Next generation of V/STOL machines builds on proven tech innovations
Tiltrotor, coaxial, hybrid aircraft, advanced rotor blade configurations and antitorque devices have been adopted and accepted into new designs.
By Jay Chandler
ATP/Helo. Learjet, Shorts 360, Sikorsky CH54, Boeing Vertol 234
Tiltrotor technology is one way manufacturers will meet FVL requirements head on. The Bell/Boeing V22 (L) has logged over 170,000 hrs and the Bell V280 Valor (above) promises to cover 5 times the area of conventional medevac helicopters at twice the speed and range.
Despite world economic woes and the effects of sequestration in the US, there is no shortage of new helicopters from manufacturers boasting modern technology and advances. A quick review of where we came from, where we are and where we hope to find ourselves in the rotorcraft future, may help us prepare for the next warp-drive solution in the vertical lift world—Future Vertical Lift (FVL), the DARPA VTOL X-Plane or AgustaWestland's Zero project.
The word helicopter has its roots from the Greek words helix and pteron, which translate roughly as "twisted or spiral" and "wing," respectively.
Most readers will be familiar with Leonardo da Vinci's design of 1480 which imagined a "twisted screw" machine designed for vertical flight. Since then, inventors and scientists have created progressive designs like Mikhail Lomonosov's in 1754, when he demonstrated a tandem rotor design to the Russian Academy of Science.
In 1861, Gustave d'Amecourt created a steam-powered "helicopter" which never left the ground due to the weight of the steam engine.
Slow successes began to emerge when in Nov 1907 the first untethered helicopter with counter-rotating rotors reached an astounding height of 1 ft and stayed aloft for nearly 20 sec. Development of the internal combustion engine certainly accelerated the helicopter's development by providing a viable lightweight power source.
Any accomplishment may seem insignificant individually, but each may be a stepping stone to the next breakthrough, which in the case of helicopters was Russian-born Igor Sikorsky's development of a single-rotor design—the VS300. The first real helicopter had one main rotor and a small vertically mounted rotor on the tail boom to counteract torque.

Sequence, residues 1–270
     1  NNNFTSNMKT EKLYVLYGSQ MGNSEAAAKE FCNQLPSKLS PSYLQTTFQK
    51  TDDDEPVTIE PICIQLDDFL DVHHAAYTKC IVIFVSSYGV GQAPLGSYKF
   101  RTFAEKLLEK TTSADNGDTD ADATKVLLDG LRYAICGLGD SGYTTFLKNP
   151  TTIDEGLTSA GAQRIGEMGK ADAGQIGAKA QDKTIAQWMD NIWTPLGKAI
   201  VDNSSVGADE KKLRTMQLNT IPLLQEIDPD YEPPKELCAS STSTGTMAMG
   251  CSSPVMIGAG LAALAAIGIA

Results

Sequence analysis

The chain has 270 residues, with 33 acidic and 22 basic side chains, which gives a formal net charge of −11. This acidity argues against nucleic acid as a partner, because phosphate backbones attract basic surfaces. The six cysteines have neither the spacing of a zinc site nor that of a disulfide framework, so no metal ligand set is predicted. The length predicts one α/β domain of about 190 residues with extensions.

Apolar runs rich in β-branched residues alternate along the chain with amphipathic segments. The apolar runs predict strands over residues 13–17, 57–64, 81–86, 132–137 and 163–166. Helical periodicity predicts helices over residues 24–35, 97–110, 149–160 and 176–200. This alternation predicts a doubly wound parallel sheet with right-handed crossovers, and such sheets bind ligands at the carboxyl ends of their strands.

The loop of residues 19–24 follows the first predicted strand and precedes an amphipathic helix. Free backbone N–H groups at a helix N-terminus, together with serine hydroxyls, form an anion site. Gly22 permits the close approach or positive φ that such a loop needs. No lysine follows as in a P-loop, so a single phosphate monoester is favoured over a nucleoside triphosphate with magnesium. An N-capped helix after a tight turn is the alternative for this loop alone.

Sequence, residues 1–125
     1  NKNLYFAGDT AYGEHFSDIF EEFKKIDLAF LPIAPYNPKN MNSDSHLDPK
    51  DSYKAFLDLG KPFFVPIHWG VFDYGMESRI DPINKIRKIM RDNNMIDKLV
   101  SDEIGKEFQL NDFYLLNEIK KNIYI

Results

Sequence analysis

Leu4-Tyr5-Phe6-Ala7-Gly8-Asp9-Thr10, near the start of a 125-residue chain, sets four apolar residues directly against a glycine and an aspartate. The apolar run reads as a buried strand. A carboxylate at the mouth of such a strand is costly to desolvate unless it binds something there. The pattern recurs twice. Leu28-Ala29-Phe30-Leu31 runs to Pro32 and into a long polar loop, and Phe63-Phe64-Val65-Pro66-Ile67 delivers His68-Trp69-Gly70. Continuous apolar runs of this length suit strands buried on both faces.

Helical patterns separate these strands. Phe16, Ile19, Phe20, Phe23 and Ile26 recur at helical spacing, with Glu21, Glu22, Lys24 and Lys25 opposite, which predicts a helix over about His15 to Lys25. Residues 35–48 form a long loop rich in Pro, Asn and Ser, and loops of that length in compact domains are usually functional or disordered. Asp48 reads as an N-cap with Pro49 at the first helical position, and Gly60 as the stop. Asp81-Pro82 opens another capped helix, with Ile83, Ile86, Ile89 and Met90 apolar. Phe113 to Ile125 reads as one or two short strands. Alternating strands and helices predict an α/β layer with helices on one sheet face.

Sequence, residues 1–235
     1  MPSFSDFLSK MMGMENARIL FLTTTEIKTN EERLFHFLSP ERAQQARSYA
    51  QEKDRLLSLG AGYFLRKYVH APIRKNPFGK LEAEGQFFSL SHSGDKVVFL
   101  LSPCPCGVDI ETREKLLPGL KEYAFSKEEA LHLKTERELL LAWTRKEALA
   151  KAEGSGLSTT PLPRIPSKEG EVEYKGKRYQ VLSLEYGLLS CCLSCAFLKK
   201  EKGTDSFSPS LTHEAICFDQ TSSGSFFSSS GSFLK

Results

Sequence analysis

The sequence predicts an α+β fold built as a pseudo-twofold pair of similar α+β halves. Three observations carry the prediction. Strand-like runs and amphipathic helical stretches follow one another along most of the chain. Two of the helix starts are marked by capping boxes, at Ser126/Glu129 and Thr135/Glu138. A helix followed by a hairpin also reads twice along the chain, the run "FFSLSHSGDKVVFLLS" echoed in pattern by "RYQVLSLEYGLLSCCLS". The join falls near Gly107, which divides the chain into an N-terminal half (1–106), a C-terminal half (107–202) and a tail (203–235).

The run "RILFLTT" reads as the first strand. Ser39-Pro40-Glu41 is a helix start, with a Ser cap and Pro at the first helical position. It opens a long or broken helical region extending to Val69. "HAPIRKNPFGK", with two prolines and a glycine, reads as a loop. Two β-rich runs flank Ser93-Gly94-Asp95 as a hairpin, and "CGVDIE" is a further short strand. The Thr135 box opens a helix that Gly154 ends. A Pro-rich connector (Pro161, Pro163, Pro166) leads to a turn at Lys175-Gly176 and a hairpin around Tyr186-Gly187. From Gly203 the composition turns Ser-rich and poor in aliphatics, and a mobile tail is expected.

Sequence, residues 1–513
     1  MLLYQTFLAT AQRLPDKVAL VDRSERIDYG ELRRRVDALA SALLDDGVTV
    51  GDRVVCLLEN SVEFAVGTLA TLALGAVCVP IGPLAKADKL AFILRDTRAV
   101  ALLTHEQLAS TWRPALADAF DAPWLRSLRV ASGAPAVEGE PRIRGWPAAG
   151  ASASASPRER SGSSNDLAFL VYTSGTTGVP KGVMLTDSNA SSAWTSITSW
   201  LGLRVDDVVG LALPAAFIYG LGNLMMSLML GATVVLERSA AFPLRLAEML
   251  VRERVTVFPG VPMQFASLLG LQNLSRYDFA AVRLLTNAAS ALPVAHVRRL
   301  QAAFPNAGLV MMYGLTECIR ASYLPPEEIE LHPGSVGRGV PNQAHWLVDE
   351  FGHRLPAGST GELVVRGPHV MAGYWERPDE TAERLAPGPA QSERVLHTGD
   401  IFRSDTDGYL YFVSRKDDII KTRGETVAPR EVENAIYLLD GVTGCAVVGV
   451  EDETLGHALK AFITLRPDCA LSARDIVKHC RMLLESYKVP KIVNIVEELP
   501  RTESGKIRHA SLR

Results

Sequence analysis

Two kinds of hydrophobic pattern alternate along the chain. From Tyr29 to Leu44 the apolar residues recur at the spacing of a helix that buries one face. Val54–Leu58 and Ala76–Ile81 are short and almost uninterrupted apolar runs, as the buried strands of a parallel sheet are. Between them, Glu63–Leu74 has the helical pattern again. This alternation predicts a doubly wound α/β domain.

From the VS300, Sikorsky went on to design and produce the R4—the first mass produced helicopter, with more than 100 aircraft ordered. The rest, as they say, is history. Sikorsky did have to overcome several hurdles before deciding on a final design—mainly, the antitorque system for a single-main-rotor helicopter.
Newton's 3rd law and antitorque improvements
The Sikorsky-Boeing S97 proposal for the US Army's Joint Multi-Role (JMR) aircraft uses proven Sikorsky X2 technology with counter-rotating coaxial main rotors and pusher propeller to achieve a 230-KIAS cruise speed.
When designers select a single-rotor system, they have to overcome Newton's 3rd law of motion, which states, "For every action there is an equal and opposite reaction." In other words, if the rotor turns to the right, the fuselage is going to rotate to the left unless you control it—hence the antitorque system or tail rotor.
The vertically mounted tail rotor was originally a 2-bladed system operated by the pilot, by means of foot pedals, to increase and decrease horizontal thrust to turn left or right, or to compensate for torque variations due to power changes.
As time went on, additional improvements were made to the early 2-bladed tail rotor. For this discussion, if we take a well-known rotorcraft—the Bell UH1 "Huey"—the main rotor blade turns counterclockwise when viewed from the top.
The tail rotor was a 2-bladed system mounted on the left side of the tail boom to counteract torque. Through the years it was determined that, if the tail rotor were mounted on the right side, the thrust it produced would not be blocked by the vertical fin on which it was mounted.
Continued aerodynamic gains were found by having the tail rotor blade rotating in the opposite direction and traveling up into the downward rotorwash of the main rotor at a hover. This increased efficiencies by means of a higher relative wind passing over the blades.
In civilian and military applications alike, the byproduct of rotating airfoils is noise and blade slap—the unwanted enemy for people on the ground. Sometimes it's not the level of noise but the character of the sound that makes it stand out, like the characteristic "whop, whop, whop" of an approaching Huey.
Eurocopter's X3 hybrid helicopter made aviation history recently by achieving a speed of 255 kts during level flight. No antitorque system is required due to the wing mounted dual propellers.
Hence the development of noise abatement plans like the "Fly Neighborly Program" for helicopters in an attempt to pacify noise-averse residents on the ground.
Given the fact that the tail rotor rotates at a much higher speed then the main rotor, the tail rotor system creates a significant amount of noise. To address this problem some manufacturers use a 4-bladed tail rotor system and reduce the RPM needed.
Sikorsky went further—first with the CH53, then with the UH60 Black Hawk—and tilted the tail rotor by 20° so that it no longer rotates perpendicular to the ground. In this configuration, the tail rotor actually provides 2.5% (400 lb) of the overall lift produced at a hover in addition to reducing the noise signature of the antitorque system.
The Boeing AH64 Apache has a double 2-bladed tail rotor system, but instead of being perpendicular to each other they are offset 30° to further reduce noise propagation. Original designs found 45° to be the ultimate offset angle for noise reduction, but to meet US Army design criteria for length and transportability, the blades were offset only 30° to shorten the overall length of the helicopter while still reducing the noise signature of the tail rotor system.